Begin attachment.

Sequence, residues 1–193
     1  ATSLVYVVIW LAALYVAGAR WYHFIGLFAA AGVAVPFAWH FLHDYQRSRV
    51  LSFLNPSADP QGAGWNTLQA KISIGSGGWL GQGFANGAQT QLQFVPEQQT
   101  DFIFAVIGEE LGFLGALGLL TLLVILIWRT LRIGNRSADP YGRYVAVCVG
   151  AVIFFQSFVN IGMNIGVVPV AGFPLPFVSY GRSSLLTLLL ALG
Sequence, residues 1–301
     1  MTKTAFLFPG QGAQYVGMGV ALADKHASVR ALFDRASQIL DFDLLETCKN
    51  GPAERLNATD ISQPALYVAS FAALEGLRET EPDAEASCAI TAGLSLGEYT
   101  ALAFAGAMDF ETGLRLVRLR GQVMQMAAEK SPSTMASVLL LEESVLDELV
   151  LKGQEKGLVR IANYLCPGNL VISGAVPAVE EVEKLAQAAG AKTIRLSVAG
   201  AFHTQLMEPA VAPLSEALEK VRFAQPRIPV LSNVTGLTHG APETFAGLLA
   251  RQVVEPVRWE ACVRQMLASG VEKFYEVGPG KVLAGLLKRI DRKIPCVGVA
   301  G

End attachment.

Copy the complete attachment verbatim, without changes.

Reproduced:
Sequence, residues 1–193
     1  ATSLVYVVIW LAALYVAGAR WYHFIGLFAA AGVAVPFAWH FLHDYQRSRV
    51  LSFLNPSADP QGAGWNTLQA KISIGSGGWL GQGFANGAQT QLQFVPEQQT
   101  DFIFAVIGEE LGFLGALGLL TLLVILIWRT LRIGNRSADP YGRYVAVCVG
   151  AVIFFQSFVN IGMNIGVVPV AGFPLPFVSY GRSSLLTLLL ALG
Sequence, residues 1–301
     1  MTKTAFLFPG QGAQYVGMGV ALADKHASVR ALFDRASQIL DFDLLETCKN
    51  GPAERLNATD ISQPALYVAS FAALEGLRET EPDAEASCAI TAGLSLGEYT
   101  ALAFAGAMDF ETGLRLVRLR GQVMQMAAEK SPSTMASVLL LEESVLDELV
   151  LKGQEKGLVR IANYLCPGNL VISGAVPAVE EVEKLAQAAG AKTIRLSVAG
   201  AFHTQLMEPA VAPLSEALEK VRFAQPRIPV LSNVTGLTHG APETFAGLLA
   251  RQVVEPVRWE ACVRQMLASG VEKFYEVGPG KVLAGLLKRI DRKIPCVGVA
   301  G